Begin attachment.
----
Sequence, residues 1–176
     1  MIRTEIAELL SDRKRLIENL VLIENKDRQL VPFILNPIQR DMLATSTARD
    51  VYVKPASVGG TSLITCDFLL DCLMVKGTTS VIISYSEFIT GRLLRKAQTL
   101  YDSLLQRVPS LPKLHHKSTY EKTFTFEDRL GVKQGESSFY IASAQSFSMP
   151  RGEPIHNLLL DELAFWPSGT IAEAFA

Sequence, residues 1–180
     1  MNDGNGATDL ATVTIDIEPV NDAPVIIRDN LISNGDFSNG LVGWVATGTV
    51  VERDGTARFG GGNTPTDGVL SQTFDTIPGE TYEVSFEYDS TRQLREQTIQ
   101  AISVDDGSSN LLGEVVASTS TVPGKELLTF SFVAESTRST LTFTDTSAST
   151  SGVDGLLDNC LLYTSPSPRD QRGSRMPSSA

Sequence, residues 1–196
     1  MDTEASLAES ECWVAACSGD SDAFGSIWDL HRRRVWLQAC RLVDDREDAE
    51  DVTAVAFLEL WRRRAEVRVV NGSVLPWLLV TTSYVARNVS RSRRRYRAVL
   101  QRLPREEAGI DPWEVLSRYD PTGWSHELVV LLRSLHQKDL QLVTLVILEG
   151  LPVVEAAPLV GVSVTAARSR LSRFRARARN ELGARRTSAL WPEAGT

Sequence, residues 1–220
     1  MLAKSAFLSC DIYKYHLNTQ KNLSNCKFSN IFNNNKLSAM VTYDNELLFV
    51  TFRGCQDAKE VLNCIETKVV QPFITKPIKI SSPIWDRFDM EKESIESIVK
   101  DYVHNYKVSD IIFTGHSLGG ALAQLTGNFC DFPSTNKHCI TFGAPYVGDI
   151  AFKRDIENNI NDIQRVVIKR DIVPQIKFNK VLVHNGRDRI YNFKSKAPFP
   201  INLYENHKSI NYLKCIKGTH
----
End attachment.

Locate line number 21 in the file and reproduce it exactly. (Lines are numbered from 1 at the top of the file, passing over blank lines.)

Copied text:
   201  INLYENHKSI NYLKCIKGTH